Sunday, January 24, 2010

First Grade Art

The graduate students in the Music Department organized in one week an amazing arts benefit for Haiti — a completely impressive grass roots creative effort, Love-4-Haiti. I sent a little email suggesting that maybe the public school first graders contribute an art project. Jonathan’s teacher jumped on it. So fast forward to Thursday when I arrived at my office ready to bang out a syllabus for my graduate seminar. Jonathan’s teacher called me at noon to explain that the local TV News was coming to the class at about 2 to film the kids making projects for the Haiti benefit. As it turned out she didn’t know much about the event and they actually hadn’t done an art project yet. This led to frantic texting.

A couple of asides to this narrative; the visually impaired doing business by text turns out to be risky business since at some point I sent my friend Kirsten who lives in Miami a text with crucial details that was meant for the teacher Kristin) And my sister had just asked me Thursday morning if I’d talked with my kids about Haiti or what they were thinking. In fact I’d done nothing of the sort since I was in Boston discussing death with my niece and when I tried to watch the news on Tuesday with thing one two and three they insisted on switching back to Extreme Home Makeover.

But back to the first graders; luckily Peter, one of the event organizers, was available and enthusiastic about talking with the first grade. So we arrived at the school, where it turned out that much of what was needed was actual help with art. The kids were, of course, totally a-buzz with the excitement of the news. At some point during the set up I realized that, for the sake of Rebecca’s future therapy bills, I’d have to yank her out of class because I couldn’t be in one twin’s class and potentially on the news while the other was practicing math skills.

Before the news came Peter, Ms. Meyers, and I had a discussion about Haiti with the kids which was pretty impressive. The kids had all kinds of questions “didn’t a baby die, didn’t some people get you, what about the schools…..” I especially loved hearing Ms. Meyers teach them the concluding article from C’ville’s free paper which explained the ways in which the United States is complicit in the destruction there. During the discussion of poverty, my kid who makes a habit of filling up shopping carts on Amazon and has fits when he doesn’t get new leggo toys, explained that you could be poor in money but rich in love. The art project was impressively elaborate and involved chalk, crayon and watercolors. The kids made pictures of things they’d learned about Haiti and actually the effect was really beautiful. Given that we had about four adults in the room helping and another 3 or so taking pictures it was a remarkably smooth affair, all due to the teacher. It is no mean feat in the public schools these days to pull this off in a mere two hours. The amusing part for me was that both the teacher and I upended our days and our segment lasted about 11 seconds and included her hand and a ¼ inch of my back. On Friday when Staley our babysitter went to pick up the art she found herself engaged as primary framer.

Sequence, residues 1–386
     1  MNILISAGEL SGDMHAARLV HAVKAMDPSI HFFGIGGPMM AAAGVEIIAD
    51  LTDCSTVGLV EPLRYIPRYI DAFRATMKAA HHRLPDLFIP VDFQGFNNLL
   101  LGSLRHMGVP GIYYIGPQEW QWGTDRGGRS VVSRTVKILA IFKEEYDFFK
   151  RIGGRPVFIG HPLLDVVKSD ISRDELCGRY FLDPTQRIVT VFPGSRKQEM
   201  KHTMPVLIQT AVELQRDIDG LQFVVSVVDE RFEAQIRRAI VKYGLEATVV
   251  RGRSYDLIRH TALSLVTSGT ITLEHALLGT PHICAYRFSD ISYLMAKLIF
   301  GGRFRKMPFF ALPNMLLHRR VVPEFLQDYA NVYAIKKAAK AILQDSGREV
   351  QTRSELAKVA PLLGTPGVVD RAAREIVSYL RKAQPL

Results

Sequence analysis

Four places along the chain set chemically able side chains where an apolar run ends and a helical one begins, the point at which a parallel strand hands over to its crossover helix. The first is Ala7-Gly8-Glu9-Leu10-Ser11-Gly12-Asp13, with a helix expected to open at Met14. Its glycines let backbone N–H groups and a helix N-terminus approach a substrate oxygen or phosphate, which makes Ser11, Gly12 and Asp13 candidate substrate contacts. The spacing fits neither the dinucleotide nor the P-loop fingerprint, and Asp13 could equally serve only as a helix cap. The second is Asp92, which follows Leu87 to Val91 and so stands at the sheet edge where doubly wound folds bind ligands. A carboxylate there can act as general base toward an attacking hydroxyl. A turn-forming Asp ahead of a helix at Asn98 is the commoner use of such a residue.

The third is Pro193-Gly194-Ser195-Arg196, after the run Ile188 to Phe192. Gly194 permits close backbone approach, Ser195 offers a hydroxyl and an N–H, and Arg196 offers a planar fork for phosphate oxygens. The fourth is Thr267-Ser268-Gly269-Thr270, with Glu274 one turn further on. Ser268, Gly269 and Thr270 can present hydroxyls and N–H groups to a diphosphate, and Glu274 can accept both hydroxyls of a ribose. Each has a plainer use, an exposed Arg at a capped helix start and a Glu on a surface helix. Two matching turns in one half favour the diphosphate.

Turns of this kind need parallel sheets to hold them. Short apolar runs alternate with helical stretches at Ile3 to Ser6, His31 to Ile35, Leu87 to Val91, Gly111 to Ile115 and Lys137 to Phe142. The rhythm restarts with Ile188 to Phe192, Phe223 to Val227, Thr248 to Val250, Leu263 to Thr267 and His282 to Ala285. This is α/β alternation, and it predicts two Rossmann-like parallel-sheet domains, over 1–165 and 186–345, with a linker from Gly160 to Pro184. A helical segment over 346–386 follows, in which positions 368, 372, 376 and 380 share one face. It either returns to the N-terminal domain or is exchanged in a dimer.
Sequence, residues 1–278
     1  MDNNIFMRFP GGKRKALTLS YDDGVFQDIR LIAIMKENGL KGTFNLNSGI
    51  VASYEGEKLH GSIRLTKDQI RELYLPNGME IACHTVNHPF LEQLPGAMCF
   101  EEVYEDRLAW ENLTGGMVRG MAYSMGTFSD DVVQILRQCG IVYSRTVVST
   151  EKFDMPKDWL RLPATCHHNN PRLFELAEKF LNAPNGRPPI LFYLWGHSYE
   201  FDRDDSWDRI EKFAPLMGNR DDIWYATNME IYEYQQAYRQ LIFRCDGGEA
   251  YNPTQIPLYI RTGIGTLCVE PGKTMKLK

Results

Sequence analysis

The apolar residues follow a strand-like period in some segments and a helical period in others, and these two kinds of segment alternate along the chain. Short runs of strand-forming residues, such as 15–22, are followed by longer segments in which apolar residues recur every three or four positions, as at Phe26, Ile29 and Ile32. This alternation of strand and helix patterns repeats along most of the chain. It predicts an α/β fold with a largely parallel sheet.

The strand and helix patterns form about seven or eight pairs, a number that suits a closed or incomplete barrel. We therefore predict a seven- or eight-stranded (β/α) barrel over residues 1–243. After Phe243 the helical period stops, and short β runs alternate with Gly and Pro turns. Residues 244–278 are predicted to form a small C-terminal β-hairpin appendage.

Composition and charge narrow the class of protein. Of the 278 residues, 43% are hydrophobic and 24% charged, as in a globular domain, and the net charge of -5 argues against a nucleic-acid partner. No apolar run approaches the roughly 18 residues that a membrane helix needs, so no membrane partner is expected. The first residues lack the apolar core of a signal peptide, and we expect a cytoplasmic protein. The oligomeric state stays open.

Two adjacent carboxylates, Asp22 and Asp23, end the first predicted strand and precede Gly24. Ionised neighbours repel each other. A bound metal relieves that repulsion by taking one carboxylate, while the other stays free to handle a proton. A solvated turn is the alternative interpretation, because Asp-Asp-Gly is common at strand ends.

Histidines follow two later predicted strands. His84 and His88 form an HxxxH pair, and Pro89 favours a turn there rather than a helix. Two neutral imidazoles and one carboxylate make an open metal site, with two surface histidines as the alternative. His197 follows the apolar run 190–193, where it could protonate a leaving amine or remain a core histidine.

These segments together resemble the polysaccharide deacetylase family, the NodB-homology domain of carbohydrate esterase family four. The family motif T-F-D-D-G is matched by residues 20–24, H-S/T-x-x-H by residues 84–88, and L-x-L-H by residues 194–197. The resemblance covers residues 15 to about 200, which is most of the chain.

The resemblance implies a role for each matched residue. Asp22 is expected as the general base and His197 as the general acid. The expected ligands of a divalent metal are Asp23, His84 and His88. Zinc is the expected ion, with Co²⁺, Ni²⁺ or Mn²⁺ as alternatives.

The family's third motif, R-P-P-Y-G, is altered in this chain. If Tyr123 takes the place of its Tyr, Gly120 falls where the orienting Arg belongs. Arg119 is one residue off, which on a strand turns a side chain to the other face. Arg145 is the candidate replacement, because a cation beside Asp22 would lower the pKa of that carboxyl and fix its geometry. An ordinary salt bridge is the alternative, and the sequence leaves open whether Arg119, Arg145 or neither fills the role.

The event last night was super moving and impressive. I’m stunned at the ability of the graduate students to pull this off and, as always, by the quality of local music in Charlottesville. I personally loved seeing the UVa music department community and the public school first grade community in one garage style performance place for funky arts. The first graders were, of course, fairly certain that this was all about them. There was much excitement setting up their table which displayed as many pictures as possible. They sold the pictures for $5 bucks and explained to anyone who would listen that you could take the picture home or send it to Haiti. Issac was the most aggressive salesperson and looked at people big eyed and said “don’t you want to buy our art to help Haiti” We had to do a little math work but by the end of the night they’d figured out how to give change and were still obsessively counting money. They also got to talk about their art into the microphone which they loved. Rebecca, who can be quite shy and reserved, talked first and explained in painstaking detail every little bit of her picture. Jonathan was bounding around and finally did some sort of politician thing into the microphone involving phrases like “I’ll make it short” and a preacher style “Love-4-Haiti” I may be biased, but the kids were precious! The boys petered out by around 7 and Manuel, who was managing to both be incredibly helpful and enjoy the music had to leave. He was on primary keep the boys quiet and then take them home duty. But my partying princess was ready to rock and did a lot of dancing and selling of art. She was especially proud to explain that hers had sold within the first five minutes. She told me that she liked “the dancers where the two women danced close together with a little space where you can see their belly button.” She wants to do that some day.

Interestingly, I’ve made quite a few impassioned speeches at PTO meetings about trying to have the public school partner with UVa, especially for arts events and gotten no where. But thanks to a few emails and texts with fabulous young artists and teachers it actually worked. Maybe I’ll just show pictures of the event in my classes tomorrow.

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